It’s been over three years since I started making whole packs mostly from scratch, and I’ve learned an enormous amount through all the hiking, packrafting, skiing and especially combinations thereof I’ve done since. I don’t care to count all the exact iterations the various packs have gone through, but as of today it numbers at least a dozen. None of them, save the most recent, still exist. I’ve learned to go into each new pack, however expensive the fabric, with two equally important but contradictory assumptions. First, that I will try to make it perfect and (usually) design it to be an undying answer to as many of my requirements as possible. Second, that odds are another will soon enough take its place, and therefore experimental features will end up building my general body of knowledge. Perfection is an ideal, not a thing which can be arrived at.
Last of about six sketches for this particular pack.
Patience is the best aid I’ve found for good pack design and construction. The North Fork pack died the death of too-many tweaks and the resultant compromises back in February, and I knew I’d need another largish pack. Since then I’ve doodled when the mood struck, pondered fabric options and features, and let things ruminate until the time seemed right.
I’ve developed fairly specific preferences as far as pack dimensions are concerned, and that drove everything else. Eleven inches is as wide as I care to make the back of a pack, any more feels clunky. Nine or ten inches seems about the max depth, any more puts weight too far back in those inevitable moments when packing is less than careful. I liked the super-skinny 7″ front (and back) panels of the race pack, and decided to see how a combination would work. I made the pack 40 inches tall to add capacity, and because I prefer a draw cord closure and use the addition height to roll things down and keep water out.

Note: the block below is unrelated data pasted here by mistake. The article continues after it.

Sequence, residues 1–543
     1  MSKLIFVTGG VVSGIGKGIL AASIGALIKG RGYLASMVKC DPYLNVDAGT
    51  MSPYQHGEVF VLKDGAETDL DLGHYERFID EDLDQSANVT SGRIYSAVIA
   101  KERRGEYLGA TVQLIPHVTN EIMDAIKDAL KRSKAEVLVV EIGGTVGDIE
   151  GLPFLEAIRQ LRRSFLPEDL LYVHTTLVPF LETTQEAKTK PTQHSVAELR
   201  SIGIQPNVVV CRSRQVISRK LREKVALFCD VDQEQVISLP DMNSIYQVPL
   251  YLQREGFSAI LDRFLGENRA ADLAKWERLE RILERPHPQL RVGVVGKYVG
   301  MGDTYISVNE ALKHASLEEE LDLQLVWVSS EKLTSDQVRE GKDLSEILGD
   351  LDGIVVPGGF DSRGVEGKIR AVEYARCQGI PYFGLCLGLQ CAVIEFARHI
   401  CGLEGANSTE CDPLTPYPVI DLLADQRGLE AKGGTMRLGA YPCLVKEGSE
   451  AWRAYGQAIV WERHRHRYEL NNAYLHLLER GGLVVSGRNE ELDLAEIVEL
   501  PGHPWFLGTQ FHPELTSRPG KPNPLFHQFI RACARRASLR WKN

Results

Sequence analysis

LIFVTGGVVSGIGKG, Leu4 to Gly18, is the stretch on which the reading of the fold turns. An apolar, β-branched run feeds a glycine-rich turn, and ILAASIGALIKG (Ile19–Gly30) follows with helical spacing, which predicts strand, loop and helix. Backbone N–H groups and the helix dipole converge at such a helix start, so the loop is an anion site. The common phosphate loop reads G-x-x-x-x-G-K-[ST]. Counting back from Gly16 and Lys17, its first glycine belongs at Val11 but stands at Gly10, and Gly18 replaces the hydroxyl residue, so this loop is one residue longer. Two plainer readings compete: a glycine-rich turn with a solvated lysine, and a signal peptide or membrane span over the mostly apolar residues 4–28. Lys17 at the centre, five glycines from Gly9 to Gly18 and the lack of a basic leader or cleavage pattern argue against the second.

I picked DX-40 to familiarize myself with a new fabric, and because adding a bit more cut resistance to VX-21 would make it just about perfect.
Side panels with daisies and compression straps. Streak on the left is from a botched cutting mark.
I used the beavertail, back and side pockets on past packs intermittently enough that I decided to do away with them this time. Instead three daisy chains will allow for just about anything (deer legs!) to be strapped on when necessary. Three compression straps rather than two are also an experiment; they should be more secure with skis and such, and provide better compression.
Sides and front panel joined. Note line of stitching on the front, location of the anchor for the internal compression strap.
Another experiment and nod to the heavy loads this pack will occasionally carry is the internal compression strap. A nod to Cilogear, though my old Dana Arcflex Alpine had one as well.
Internal compression anchor on the front panel. Black thread bar tacks are invisible against the webbing, and hidden on the outside by the daisy chain.